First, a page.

Ethnic differences in ankle brachial index are present in middle-aged individuals without peripheral arterial disease

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9 Scopus citations


Introduction: To better understand the basis for previously reported ethnic differences in ankle brachial index (ABI), we investigated whether these differences were present in individuals without known peripheral arterial disease (PAD). Methods: We used data from National Health and Nutrition Examination surveys (NHANES 1999-2004) to determine whether ethnic differences were present in respondents without PAD (1 ≤ ABI ≤ 1.3). We assessed whether ethnicity was an independent predictor of ABI and ankle systolic blood pressure (SBP) in linear regression models that adjusted for conventional and novel cardiovascular risk factors. To minimize effects of atherosclerosis on ABI, we studied adults aged ≤ 60 years, and also repeated our analyses in a subset aged ≤ 50 years that did not have risk factors for PAD. Results: 3348 participants aged ≤ 60 years were included in the study. Mean ABI was 1.11 in non-Hispanic Blacks (NHB) and 1.13 in non-Hispanic Whites (NHW) (P < 0.0001). In multivariable linear regression analysis that adjusted for age, gender, ethnicity, smoking, height, diabetes, brachial SBP, dyslipidemia, diabetes, renal function, concurrent cardiovascular disease, and plasma levels of homocysteine, fibrinogen and C-reactive protein, NHB had lower ABI than NHW (β = - 0.03 ± 0.004, P < 0.00001). Although, NHBs had higher ankle SBP than NHWs (by 5.4 mm Hg), NHBs had a lower mean ankle SBP (β = - 3.663 mm Hg ± 0.500, P < 0.0001) after adjusting for clinical covariates, including brachial SBP, in multivariable analysis. Conclusion: Ethnic differences in ABI are present in middle-aged adults at low risk for peripheral atherosclerosis.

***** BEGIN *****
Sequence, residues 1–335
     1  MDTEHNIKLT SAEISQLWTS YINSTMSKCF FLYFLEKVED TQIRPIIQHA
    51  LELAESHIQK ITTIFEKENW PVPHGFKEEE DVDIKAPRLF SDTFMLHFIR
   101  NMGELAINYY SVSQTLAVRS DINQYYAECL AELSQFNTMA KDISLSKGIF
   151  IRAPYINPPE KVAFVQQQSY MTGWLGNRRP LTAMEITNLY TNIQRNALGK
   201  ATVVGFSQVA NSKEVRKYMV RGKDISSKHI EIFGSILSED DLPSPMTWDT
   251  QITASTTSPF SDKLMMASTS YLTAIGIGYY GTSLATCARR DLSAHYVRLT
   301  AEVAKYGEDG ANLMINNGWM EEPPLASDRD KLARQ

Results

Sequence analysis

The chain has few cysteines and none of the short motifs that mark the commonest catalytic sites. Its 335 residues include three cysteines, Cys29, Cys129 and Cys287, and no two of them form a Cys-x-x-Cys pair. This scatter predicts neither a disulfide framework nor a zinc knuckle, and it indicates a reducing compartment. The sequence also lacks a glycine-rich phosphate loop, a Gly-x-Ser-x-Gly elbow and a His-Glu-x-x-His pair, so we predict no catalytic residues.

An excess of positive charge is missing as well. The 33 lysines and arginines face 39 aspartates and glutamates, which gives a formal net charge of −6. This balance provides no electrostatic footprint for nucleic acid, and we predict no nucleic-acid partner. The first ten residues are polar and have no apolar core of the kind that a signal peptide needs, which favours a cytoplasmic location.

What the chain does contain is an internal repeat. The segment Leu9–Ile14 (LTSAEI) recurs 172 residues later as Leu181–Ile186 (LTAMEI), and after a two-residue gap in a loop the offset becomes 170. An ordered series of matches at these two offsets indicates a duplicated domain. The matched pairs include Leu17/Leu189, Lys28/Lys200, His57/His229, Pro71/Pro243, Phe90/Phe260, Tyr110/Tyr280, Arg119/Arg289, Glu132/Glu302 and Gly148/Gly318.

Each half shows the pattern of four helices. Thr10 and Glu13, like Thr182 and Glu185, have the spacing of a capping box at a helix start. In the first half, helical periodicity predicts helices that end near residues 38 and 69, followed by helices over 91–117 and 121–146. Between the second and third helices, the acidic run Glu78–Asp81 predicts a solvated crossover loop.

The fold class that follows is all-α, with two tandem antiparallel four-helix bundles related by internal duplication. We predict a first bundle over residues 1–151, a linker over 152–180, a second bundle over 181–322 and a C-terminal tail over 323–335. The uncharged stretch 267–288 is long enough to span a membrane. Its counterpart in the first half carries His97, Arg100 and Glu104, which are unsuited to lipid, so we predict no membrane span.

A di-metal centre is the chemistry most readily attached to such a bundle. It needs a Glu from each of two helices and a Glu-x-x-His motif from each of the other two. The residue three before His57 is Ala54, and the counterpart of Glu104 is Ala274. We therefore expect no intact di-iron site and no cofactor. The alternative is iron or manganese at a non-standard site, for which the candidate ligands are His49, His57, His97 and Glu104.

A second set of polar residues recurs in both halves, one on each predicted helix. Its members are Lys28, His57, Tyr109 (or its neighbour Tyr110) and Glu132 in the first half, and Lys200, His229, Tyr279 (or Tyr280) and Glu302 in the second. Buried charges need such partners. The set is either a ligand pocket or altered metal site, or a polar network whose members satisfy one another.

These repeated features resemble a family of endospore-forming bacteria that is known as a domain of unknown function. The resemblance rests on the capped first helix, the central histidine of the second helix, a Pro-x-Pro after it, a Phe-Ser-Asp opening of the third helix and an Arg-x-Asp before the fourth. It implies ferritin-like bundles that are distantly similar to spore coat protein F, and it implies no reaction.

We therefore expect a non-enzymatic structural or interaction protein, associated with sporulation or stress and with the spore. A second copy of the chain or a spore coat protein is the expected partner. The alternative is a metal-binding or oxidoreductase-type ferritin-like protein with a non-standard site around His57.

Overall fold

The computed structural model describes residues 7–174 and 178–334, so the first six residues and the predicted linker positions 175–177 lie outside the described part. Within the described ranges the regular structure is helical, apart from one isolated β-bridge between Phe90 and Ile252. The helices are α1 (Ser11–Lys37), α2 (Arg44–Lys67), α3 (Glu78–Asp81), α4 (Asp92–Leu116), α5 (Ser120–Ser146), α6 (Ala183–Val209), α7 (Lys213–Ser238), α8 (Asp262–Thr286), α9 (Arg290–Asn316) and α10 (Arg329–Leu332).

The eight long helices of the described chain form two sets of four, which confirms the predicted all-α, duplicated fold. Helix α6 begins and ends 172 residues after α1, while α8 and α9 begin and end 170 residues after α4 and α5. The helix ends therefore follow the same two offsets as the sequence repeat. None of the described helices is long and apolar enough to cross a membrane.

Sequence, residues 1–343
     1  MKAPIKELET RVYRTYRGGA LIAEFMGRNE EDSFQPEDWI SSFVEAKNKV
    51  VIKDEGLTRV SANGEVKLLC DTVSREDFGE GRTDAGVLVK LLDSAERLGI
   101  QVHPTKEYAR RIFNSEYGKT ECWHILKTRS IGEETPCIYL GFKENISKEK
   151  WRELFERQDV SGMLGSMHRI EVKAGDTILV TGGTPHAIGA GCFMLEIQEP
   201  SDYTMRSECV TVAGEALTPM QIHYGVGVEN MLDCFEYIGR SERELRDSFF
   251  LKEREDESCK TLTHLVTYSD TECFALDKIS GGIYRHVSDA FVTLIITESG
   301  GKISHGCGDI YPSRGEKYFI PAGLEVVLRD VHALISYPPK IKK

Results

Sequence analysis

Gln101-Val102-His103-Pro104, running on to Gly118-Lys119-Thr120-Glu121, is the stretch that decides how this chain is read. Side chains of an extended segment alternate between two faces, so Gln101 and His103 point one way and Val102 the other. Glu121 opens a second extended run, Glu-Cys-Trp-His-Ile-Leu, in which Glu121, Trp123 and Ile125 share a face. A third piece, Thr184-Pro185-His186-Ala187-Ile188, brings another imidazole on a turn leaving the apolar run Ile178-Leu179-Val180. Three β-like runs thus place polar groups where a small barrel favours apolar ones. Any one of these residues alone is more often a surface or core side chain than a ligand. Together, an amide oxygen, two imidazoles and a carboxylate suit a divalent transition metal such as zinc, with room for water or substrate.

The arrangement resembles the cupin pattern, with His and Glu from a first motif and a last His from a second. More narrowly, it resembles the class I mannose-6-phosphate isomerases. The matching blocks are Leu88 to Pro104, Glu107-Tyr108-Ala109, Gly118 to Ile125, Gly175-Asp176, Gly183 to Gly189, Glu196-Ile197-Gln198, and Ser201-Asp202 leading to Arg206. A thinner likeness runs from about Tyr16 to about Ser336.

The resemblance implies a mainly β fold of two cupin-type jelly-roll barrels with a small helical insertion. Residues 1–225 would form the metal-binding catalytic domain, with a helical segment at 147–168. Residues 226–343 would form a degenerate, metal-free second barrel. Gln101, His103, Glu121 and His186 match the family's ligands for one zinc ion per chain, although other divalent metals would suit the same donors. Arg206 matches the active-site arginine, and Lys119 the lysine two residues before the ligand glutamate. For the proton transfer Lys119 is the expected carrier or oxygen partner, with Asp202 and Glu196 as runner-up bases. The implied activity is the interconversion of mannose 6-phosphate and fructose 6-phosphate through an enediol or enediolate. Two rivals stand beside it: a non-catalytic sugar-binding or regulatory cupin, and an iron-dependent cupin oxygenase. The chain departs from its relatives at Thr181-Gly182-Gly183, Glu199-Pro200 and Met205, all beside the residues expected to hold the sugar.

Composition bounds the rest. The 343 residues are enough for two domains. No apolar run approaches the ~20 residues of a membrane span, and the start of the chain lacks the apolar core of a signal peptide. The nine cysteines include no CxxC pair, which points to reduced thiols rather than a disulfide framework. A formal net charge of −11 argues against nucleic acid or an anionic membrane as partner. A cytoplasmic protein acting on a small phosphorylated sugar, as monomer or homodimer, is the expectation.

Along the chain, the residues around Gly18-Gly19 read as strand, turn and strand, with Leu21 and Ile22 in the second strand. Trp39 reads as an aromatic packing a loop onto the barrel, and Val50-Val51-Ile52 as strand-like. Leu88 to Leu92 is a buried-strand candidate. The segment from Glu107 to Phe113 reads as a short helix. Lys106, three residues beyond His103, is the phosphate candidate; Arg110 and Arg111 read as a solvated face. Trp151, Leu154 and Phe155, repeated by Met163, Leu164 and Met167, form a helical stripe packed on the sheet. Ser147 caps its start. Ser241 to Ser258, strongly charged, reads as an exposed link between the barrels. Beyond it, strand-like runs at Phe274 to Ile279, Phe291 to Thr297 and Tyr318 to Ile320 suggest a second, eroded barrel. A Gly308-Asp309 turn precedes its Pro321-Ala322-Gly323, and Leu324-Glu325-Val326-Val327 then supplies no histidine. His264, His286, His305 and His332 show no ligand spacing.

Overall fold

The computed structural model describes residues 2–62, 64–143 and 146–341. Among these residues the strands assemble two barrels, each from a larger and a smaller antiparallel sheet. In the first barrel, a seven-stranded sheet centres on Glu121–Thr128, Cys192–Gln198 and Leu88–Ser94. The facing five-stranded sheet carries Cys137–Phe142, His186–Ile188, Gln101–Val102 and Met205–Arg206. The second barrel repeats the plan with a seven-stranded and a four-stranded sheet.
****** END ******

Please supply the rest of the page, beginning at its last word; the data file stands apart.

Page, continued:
Original languageEnglish (US)
Pages (from-to)228-233
Number of pages6
JournalInternational Journal of Cardiology
Issue number3
StatePublished - Jan 20 2013


  • Ankle brachial index
  • Ankle systolic pressure
  • Ethnicity

ASJC Scopus subject areas

  • Cardiology and Cardiovascular Medicine


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